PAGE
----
Samurai & Katana
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from 6 customer reviews
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It is the middle of the 16th century during a Japanese civil war. You are the daimyo of one of the greatest samurai clans. In order to end this war, you must seize the opportunity to become the new Shogun and to unify the country under your rule. But only an honorable daimyo can obtain the shogunal title. To this end, you will build castles, subject the minor clans, battle your rivals, wipe out the religious sects and conduct business with foreign countries. With different means at your disposal to hamper your opponents (ronin, ninja and dark forces), you must also prevent your rivals from gaining the most coveted title of Shogun. But be aware that effective methods are not always honorable.
Our group of four has enjoyed playing 'S&K' even more than the Milton Bradley 'Samurai/Samurai Blades'. The game goes much faster for one thing. One's location on the game map is also not as crucial as in Samurai. You can make steady progress towards winning without having to conquer the whole map.
The other reviews have left out perhaps the most intriguing aspect of the game: the player with the fewest victory points at the end of the turn chooses the turn order for the next turn. Furthermore,the next player is not chosen until the prievious player has completed his turn. This ability to choose turn order is a huge advantage. If you cut down another player too much at the wrong time you may be handing him/her the means to engineer your defeat.
The game gives you many difficult choices throughout the play of your turn and you're never sure which action will seem to help you at first but prove to be your undoing in the end.
S&K is an excellent combination a conqust game with a 'Euro' style game. Highly recommended.
Samurai & Katana is a game that has not yet made a big impression on board gamming, for me, this was the game that made me stop playing Risk and start exploring every kind of board games. When I saw S&K was "back in stock", I thought I might as well post my coments on the game.
The only real problem the game has is the horrendously written rules! It took me maybe 5 games to get them right (at least I think I got them right). Most problems people has with the game on the internet comes from a poor understanding of the rules, and it's incredible how diferently the game's played from the actual rules (ahem... what I think are the actual rules).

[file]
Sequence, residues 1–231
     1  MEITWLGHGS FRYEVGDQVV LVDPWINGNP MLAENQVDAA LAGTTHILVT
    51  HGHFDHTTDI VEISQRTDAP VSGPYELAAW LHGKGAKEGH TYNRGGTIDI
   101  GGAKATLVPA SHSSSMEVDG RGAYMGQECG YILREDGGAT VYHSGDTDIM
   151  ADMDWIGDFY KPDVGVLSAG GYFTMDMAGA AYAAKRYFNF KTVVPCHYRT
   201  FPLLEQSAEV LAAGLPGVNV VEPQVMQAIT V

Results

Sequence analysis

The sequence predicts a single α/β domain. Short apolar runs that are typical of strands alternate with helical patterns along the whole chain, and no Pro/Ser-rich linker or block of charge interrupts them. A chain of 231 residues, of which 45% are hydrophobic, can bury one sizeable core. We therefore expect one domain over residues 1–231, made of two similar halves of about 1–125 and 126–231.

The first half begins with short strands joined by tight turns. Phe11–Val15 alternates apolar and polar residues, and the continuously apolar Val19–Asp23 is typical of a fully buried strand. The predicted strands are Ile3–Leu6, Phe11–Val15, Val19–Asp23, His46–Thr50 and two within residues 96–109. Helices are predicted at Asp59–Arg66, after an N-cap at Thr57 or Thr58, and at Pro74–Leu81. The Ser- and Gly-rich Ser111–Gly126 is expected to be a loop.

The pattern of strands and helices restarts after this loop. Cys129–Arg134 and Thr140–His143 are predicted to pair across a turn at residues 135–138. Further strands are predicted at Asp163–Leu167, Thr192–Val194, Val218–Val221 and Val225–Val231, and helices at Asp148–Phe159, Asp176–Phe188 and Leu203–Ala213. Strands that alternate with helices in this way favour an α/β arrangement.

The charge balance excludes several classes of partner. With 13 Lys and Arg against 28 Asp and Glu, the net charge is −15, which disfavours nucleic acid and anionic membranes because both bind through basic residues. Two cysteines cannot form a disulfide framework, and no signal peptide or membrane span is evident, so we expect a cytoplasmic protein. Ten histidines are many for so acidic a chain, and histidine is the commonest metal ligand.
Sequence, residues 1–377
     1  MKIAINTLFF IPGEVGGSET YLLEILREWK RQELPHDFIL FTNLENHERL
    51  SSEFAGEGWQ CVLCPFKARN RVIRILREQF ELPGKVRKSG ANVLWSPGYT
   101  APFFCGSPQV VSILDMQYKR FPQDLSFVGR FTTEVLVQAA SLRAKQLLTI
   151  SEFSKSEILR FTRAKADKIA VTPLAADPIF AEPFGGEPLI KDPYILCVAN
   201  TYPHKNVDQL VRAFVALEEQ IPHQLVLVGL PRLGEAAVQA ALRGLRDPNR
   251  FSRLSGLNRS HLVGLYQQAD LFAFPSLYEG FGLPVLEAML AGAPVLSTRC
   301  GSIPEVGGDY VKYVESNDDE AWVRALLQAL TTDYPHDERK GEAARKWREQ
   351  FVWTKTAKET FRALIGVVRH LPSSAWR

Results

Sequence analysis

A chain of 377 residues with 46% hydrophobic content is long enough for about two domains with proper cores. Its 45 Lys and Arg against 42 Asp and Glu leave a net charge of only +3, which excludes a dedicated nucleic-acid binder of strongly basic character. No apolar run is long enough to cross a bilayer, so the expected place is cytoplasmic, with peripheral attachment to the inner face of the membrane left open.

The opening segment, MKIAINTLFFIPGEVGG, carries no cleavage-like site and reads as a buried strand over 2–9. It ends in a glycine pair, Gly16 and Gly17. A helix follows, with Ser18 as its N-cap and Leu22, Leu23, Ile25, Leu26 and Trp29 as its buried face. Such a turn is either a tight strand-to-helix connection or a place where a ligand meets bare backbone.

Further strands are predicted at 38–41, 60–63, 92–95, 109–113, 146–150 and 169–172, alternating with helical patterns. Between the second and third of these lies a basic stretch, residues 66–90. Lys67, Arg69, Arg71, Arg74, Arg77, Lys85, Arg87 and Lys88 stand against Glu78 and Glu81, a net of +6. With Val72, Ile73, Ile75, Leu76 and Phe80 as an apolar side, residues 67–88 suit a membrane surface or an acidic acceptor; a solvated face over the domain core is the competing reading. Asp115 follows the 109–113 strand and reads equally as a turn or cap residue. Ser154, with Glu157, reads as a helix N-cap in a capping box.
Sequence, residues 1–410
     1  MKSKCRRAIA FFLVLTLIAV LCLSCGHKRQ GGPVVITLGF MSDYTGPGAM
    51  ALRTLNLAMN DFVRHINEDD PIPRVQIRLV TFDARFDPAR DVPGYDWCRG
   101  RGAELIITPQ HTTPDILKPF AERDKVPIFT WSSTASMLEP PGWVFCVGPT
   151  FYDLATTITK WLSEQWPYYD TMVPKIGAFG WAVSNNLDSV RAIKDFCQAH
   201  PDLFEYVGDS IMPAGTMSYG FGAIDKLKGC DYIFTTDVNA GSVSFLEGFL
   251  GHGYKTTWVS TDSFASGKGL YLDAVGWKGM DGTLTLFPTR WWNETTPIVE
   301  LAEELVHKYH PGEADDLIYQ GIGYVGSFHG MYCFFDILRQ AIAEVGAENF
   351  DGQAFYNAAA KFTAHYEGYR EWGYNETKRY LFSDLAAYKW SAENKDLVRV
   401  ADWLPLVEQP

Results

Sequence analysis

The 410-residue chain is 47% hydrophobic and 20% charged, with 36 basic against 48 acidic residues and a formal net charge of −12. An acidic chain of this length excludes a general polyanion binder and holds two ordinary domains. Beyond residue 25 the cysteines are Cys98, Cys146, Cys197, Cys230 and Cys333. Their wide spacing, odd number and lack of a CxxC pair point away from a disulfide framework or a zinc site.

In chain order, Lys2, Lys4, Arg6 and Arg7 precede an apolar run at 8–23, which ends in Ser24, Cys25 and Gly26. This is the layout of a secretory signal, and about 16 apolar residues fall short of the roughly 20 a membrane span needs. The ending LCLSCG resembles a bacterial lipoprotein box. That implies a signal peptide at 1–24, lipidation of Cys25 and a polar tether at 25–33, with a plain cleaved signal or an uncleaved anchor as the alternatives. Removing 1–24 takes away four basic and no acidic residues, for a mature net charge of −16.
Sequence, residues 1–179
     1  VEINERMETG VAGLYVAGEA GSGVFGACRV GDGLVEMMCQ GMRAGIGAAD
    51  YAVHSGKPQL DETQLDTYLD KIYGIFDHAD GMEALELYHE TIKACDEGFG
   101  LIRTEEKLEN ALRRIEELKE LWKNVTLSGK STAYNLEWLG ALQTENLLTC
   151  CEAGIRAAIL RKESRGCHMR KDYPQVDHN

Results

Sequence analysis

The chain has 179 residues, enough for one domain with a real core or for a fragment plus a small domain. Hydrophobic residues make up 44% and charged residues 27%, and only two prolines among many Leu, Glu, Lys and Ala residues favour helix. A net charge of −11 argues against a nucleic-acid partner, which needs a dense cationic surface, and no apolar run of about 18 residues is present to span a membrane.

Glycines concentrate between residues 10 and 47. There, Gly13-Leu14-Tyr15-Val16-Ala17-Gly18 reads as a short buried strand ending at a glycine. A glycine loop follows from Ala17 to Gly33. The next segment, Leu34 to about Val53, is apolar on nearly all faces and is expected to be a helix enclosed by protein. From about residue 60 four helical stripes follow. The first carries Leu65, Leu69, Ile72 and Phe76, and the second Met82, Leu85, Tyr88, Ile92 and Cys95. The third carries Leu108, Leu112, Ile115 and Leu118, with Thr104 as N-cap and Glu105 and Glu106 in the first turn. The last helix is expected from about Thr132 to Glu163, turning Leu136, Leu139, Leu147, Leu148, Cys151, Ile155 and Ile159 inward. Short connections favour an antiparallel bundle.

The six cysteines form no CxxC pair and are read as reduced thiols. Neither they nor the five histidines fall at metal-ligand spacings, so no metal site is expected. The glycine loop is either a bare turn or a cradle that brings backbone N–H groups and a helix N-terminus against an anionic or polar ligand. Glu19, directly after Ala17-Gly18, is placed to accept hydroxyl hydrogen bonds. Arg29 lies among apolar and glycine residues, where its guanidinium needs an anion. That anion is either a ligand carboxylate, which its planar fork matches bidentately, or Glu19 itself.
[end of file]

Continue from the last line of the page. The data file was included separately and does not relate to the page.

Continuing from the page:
Once you get the rules, the game's very simple to teach to new players and games are always very balanced and very interesting, the aspect I like the most is that you need money to keep your forces moving, and since castles allow for free movement, their placement makes a very important decision on the strategical/tactical aspect of the game.
Some games can get to be VERY long, but never boring, also, we've had some very fast games and in that case we usually play again.
The games plays best with 5-6 players, I just LOVE a 6 player S&K game! Borders are tight, deals are important, winning combats the honorable way is a serious thing to consider (because there's always an easy option: kill the samurai, or revolt the province), the deck does feel like it has very few cards, but it also somewhat balances card use, as if you use a powerful card, you can expect it will be on some one elses hands very soon, some times ruining your plans. Some times the player with the least honor (you need honor points to win the game) can be the richest player, as he does has a very important influence on power balance. Situation around the capital gets very intense, and some warriors prefer to stay away, just making sure no one gets an easy shot for the control of the whole imperial province.
In simple words, S&K feels very strategic and very authentic you face constant decisions and must have a good balance between economic, militar and politic power, yet, the game is in escense very simple. The more you play the better it gets, it's been 3 years of board gamming for me (and I've spent a VERY good part of my money on them) and S&K is always an option I'm willing to play!
Beware the rules are a very good example of how a rulebook can ruin a great game!
If you are looking for something new over A&A and Risk, then I would seriously recommend S&K.
I totally agree with the review below, except for the observation that it's an obvious strategy to attack a player to decrease his hand size. It seems to me that this is not realy a valid option, since you draw two new cards after each battle and the defending player even gets an extra card for winning. This means that you can't force a player to decrease his hand size, you can only force him to cycle through his available cards. Since you don't know whether the cards he draws as replacement will be better or worse than the cards he allready had you don't really gain anything with this tactic.